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Mar
20
revised Suplement books for calculus course?
added 131 characters in body
Mar
16
comment Help on Apostol's explanation of Archimedes method?
@neuguy For example, why start with $(k+1)^3$? I'm not really sure of what is happening in there, then I asked it vaguely: I was hoping that someone could rephrase it adding a little bit more detail perhaps?
Mar
16
asked Help on Apostol's explanation of Archimedes method?
Mar
16
revised Suplement books for calculus course?
added 74 characters in body
Mar
15
asked Suplement books for calculus course?
Feb
27
awarded  Yearling
Feb
23
comment How to solve this distribution problem with generating functions?
@Taussig Sorry,I meant 3 boxes. I forgot to add it.
Feb
23
revised How to solve this distribution problem with generating functions?
added 4 characters in body
Feb
23
asked How to solve this distribution problem with generating functions?
Feb
19
comment Is it possible to represent any sequence as the coefficients of arbitrary generating functions?
@whacka What's the meaning of sufficiently radical? I googled it and most of the results are about radical christianism(?!) and suffixing "math", yields something that also seems completely unrelated.
Feb
18
comment Is it possible to represent any sequence as the coefficients of arbitrary generating functions?
@whacka Got it. I got curious on a generating function which can't be expressed in a nice closed-form. Could you give me an example?
Feb
18
comment Is it possible to represent any sequence as the coefficients of arbitrary generating functions?
@whacka The problem is here: "you can form a corresponding generating function". I've looked (in my lectures) at few methods for finding generating functions. They are basically the expansion $(1-x)^n$ and $\left[ \frac{1}{1-x} \right]^n$, derivating and integrating one series and performing the sum/multiplication of two series. With this, it's not really clear that every sequence could be produced in the coefficients of the generating function.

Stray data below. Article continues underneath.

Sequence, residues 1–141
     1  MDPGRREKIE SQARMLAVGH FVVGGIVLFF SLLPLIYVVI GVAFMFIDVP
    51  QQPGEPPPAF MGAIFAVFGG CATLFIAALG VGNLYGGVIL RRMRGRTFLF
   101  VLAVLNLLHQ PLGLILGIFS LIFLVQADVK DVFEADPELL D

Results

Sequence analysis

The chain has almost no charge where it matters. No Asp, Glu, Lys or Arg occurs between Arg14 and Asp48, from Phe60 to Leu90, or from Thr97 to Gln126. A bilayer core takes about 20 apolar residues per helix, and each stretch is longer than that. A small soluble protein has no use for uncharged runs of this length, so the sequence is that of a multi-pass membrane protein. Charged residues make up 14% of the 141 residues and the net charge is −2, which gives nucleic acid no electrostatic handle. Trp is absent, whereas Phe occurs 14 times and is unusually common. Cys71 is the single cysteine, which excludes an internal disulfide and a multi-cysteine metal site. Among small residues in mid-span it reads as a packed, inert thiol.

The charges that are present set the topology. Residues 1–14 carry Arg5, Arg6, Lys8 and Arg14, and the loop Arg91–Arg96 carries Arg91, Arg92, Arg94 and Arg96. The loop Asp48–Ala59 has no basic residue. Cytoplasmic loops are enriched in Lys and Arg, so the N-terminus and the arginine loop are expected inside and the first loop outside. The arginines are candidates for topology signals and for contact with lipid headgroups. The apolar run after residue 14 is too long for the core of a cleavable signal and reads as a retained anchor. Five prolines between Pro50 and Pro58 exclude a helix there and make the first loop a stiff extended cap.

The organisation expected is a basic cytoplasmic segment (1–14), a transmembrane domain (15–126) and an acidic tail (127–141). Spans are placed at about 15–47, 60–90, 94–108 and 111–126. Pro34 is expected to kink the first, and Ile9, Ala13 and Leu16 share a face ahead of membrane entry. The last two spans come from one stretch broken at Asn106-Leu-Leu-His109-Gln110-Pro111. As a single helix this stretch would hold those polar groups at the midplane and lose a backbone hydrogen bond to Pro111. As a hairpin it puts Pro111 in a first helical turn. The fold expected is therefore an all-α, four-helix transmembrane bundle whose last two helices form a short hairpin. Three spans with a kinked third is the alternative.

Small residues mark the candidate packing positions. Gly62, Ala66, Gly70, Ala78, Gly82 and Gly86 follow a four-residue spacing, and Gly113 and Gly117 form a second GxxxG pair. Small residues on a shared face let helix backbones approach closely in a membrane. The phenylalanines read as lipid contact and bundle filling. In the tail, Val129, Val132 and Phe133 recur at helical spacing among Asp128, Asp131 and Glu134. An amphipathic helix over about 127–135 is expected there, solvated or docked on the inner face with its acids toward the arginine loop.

Feb
17
comment On the calculus of recurrence relations using generating functions?
Oh, I got it. I was being stupid of not checking it by expanding a few terms. I did it now and I noticed they are the same. $$a_0+\sum_{k\ge 1}(ba_{k-1}x^k+cx^k)=a_0+(ba_0x^1+cx^1+\cdots)+(ba_1x^2+cx^2+\dots)$$ $$a_0+bx\sum_{k\ge 0}a_kx^k+cx\sum_{k\ge 0}x^k=a_0+(ba_0x^1+ba_1x^2+\dots)+(cx^1+cx^2+ \dots ) $$
Feb
17
comment On the calculus of recurrence relations using generating functions?
I guess this part is not clear: $$a_0+\sum_{k\ge 1}(ba_{k-1}x^k+cx^k)=a_0+bx\sum_{k\ge 0}a_kx^k+cx\sum_{k\ge 0}x^k$$ Do we push the $bx,cx$ outside the summation because they have already been processed by $\sum_{k\geq 1}$? I guess this make sense because the next summations start from $k\geq 0$.
Feb
17
asked On the calculus of recurrence relations using generating functions?
Feb
17
comment In how many ways can we distribute $11$ oranges and $6$ pears to $3$ kids, such that each kid gets at least $3$ orange and a maximum of $2$ pears?
Is it a general idea that I can leave the higher powers to simplify it? Aren't there ocasions when such procedure fails?
Feb
17
comment In how many ways can we distribute $11$ oranges and $6$ pears to $3$ kids, such that each kid gets at least $3$ orange and a maximum of $2$ pears?
Why only the coefficient of $x^{11}$? Don't you need to count the coefficients of $x^{11},x^{10},x^{9}$? There is (for example) the ocasion when each kid has $3$ oranges, no?
Feb
17
comment In how many ways can we distribute $11$ oranges and $6$ pears to $3$ kids, such that each kid gets at least $3$ orange and a maximum of $2$ pears?
@N.F.Taussig Yes.
Feb
16
comment In how many ways can we distribute $11$ oranges and $6$ pears to $3$ kids, such that each kid gets at least $3$ orange and a maximum of $2$ pears?
@Uncountable Yes, it was a typo. Thanks.
Feb
16
asked In how many ways can we distribute $11$ oranges and $6$ pears to $3$ kids, such that each kid gets at least $3$ orange and a maximum of $2$ pears?